July 13, 2020

Volume X, Number 195

July 13, 2020

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New Settlement Terms for California’s Prop 65 Become Effective Oct. 1

Amendments to California’s Proposition 65 settlement terms, penalty amounts, and attorney’s fees in civil actions filed by private persons become effective October 1, 2016.

  • By way of background, Proposition 65—also known as the Safe Drinking Water and Toxic Enforcement Act of 1986—prohibits knowingly exposing any individual to a listed chemical without first providing a “clear and reasonable warning” to such individual. Private citizens may initiate Proposition 65 enforcement actions and, when they do so, they are entitled to 25% of any penalties assessed by the courts and attorney’s fees. An additional form of payment, called “payments in lieu of civil penalties” (PILPs), also is permitted under the Attorney General’s Proposition 65 enforcement regulations.  PILPs are funds paid to plaintiffs or plaintiffs groups to fund environmental activities, public education programs, and/or funds to the plaintiff for additional enforcement of Proposition 65 or other laws. Under the current payment scheme, the vast majority of payments under the statute go toward attorneys’ fees and PILPs.  These payments are not shared with OEHHA.

  • The California Attorney General’s Office proposed the amendment to Prop 65 in September 2015 in an effort to:

  1. Ensure that the Office of Environmental Health Hazard Assessment (OEHHA) receives the civil penalty funds specified in Proposition 65;

  2. Limit the ability of private plaintiffs to divert the statutorily mandated penalty to themselves or to third parties, in the form of Additional Settlement Payments (ASP);

  3. Increase the transparency of settlements in private party Proposition 65 cases, to ensure that any monies allocated to ASP are spent on matters with a sufficient nexus to the litigation and to the State of California; and

  4. Reduce the financial incentives for private plaintiffs to bring and settle Proposition 65 cases that do not confer substantial public benefit, without discouraging cases and settlements that do confer such benefit. (See: Final Statement of Reasons.)

  • The new regulations (Title 11, Division 4, California Code of Regulations) limit the circumstances under which civil penalties can be diverted to plaintiffs and their attorneys by eliminating PILPs and establishing payments called Additional Settlement Payments (ASPs).  ASPs are defined as payments that are not civil penalties, attorneys’ fees, or costs.  The ASPs are meant to “offset” civil penalties and require plaintiffs to demonstrate to a judge that the offset is in the public interest. Furthermore, the amount of ASPs in a settlement should not exceed the State’s 75% share of any noncontingent civil penalty, and the recipient is required to describe with specificity the uses to which funds will be put.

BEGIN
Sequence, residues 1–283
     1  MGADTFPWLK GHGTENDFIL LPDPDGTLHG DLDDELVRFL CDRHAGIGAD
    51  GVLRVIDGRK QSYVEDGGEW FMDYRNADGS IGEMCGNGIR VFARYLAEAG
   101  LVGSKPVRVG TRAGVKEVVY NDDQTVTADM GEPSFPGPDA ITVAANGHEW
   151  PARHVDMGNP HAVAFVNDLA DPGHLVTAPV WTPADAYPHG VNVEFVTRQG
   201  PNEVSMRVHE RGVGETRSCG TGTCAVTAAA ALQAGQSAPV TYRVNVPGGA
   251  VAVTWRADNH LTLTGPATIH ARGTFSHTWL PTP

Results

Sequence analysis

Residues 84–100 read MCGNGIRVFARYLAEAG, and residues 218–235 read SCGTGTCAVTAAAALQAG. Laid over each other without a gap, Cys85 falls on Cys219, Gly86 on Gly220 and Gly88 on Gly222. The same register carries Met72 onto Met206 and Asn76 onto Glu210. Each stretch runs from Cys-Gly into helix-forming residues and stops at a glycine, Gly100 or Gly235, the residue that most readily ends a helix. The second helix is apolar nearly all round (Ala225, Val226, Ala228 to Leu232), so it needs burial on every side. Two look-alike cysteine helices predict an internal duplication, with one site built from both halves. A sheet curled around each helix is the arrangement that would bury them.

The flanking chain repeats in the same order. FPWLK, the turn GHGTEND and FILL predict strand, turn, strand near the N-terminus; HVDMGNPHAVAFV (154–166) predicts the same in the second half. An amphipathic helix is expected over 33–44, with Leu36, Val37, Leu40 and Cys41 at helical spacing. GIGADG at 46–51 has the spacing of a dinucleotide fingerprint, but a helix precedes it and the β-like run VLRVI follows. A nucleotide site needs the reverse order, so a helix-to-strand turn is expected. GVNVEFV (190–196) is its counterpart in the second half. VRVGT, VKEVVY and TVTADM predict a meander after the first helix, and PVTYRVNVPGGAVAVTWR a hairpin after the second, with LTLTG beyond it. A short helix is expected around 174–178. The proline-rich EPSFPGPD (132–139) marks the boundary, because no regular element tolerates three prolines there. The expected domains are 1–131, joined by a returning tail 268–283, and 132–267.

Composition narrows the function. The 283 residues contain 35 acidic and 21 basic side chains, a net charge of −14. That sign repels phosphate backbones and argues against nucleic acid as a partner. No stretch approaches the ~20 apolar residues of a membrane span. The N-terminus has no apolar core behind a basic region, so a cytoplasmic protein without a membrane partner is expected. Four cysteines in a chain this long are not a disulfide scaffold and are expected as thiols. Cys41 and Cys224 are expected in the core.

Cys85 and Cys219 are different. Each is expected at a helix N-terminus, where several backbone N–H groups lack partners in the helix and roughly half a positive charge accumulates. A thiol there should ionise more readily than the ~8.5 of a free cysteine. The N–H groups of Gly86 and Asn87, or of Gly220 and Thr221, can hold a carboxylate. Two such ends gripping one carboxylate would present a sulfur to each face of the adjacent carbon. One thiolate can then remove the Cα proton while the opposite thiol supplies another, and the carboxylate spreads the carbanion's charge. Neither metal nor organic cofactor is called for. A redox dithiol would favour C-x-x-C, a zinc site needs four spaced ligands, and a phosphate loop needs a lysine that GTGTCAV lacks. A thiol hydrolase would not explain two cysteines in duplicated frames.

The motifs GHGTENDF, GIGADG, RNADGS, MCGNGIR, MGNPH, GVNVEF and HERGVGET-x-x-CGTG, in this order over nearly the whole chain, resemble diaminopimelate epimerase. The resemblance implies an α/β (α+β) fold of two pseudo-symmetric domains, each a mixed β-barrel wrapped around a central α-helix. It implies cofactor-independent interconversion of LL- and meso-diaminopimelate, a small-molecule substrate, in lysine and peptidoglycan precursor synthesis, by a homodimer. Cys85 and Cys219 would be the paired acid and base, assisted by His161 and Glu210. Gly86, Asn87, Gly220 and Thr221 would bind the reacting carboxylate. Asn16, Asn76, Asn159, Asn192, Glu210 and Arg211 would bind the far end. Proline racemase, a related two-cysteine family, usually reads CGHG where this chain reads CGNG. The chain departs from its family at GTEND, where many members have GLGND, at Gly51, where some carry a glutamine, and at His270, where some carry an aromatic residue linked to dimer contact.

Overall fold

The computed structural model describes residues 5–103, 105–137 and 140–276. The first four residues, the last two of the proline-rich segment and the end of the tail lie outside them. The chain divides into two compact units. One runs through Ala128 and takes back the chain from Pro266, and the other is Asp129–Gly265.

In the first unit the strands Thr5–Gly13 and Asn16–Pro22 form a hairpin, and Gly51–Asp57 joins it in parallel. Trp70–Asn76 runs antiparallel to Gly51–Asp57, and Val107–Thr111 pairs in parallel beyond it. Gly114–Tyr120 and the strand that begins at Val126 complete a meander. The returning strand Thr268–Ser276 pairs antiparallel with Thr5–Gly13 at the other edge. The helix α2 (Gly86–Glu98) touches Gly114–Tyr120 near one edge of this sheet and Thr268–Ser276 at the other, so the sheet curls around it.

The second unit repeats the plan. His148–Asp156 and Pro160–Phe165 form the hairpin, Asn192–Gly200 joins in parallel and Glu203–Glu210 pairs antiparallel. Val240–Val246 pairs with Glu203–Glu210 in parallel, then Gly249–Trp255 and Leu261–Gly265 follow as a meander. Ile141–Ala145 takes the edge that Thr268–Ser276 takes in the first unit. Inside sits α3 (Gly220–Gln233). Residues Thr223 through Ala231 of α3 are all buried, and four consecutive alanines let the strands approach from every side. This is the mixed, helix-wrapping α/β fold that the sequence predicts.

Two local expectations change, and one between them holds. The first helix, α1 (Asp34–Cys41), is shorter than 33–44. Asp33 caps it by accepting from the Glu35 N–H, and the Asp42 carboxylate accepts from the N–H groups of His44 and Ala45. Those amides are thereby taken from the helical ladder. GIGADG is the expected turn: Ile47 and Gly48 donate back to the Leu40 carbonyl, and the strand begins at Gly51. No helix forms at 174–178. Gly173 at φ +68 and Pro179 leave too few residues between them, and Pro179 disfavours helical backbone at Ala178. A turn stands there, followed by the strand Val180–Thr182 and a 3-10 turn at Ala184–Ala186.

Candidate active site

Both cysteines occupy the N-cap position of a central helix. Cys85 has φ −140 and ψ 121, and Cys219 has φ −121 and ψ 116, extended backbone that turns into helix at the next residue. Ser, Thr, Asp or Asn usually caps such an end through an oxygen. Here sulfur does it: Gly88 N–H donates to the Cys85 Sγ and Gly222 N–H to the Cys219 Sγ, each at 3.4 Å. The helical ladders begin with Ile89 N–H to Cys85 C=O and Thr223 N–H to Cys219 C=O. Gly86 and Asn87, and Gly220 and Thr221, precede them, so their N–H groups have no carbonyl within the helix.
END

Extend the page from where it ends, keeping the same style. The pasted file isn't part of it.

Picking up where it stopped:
• Currently, defendants faced with a Proposition 65 suit may decide to settle and reformulate, even when a listed chemical is likely present in a product at a level below which a warning would be required. The new regulations specify that reformulation of a product to reduce or eliminate the exposure to a listed chemical, in lieu of the provisions of a warning, must confer a significant benefit on the public. More specifically, “Where a settlement sets forth a standard or formula for reformulation, supporting evidence should show that at least some of the products in controversy in the action either are, or at some time relevant to the litigation were, above the agreed-upon reformulation standard or formula, or else the mere agreement to a reformulation standard or formula may not establish the existence of a significant public benefit.”

  • In comments to the proposed regulation, the California Chamber of Commerce suggested adding the underlined phrase in section 3201(b)(2): “When a settlement sets forth a standard or formula for when a given product requires a warning, supporting evidence should show that at least some of the products in controversy in the action contained concentration levels of a listed chemical or chemicals thateither are, or at some time relevant to the litigation were, above the agreed-upon standard or formula itself may not establish the existence of a significant public benefit.” The AG rejected that proposal, stating that the reformulation standard for settlements over food products or dietary supplements may be expressed as a daily exposure based on the expected daily intake, rather than a concentration.

  • Many of the comments received on the initial proposal supported the proposed amendment, but suggested that they did not go far enough to curb abuses. While the amendment is intended to provide OEHHA with more money, it could result in higher settlement costs for defendants, especially since attorney fees are not limited.

© 2020 Keller and Heckman LLPNational Law Review, Volume VI, Number 274


About this Author

Keller and Heckman offers global food and drug services to its clients. Our comprehensive and extensive food and drug practice is one of the largest in the world. We promote, protect, and defend products made by the spectrum of industries regulated by the U.S. Food and Drug Administration (FDA), the European Commission and Member States authorities in the European Union (EU) and similar authorities throughout the world. The products we help get to market include foods, pharmaceuticals, medical devices, veterinary products, dietary supplements, and cosmetics. In addition...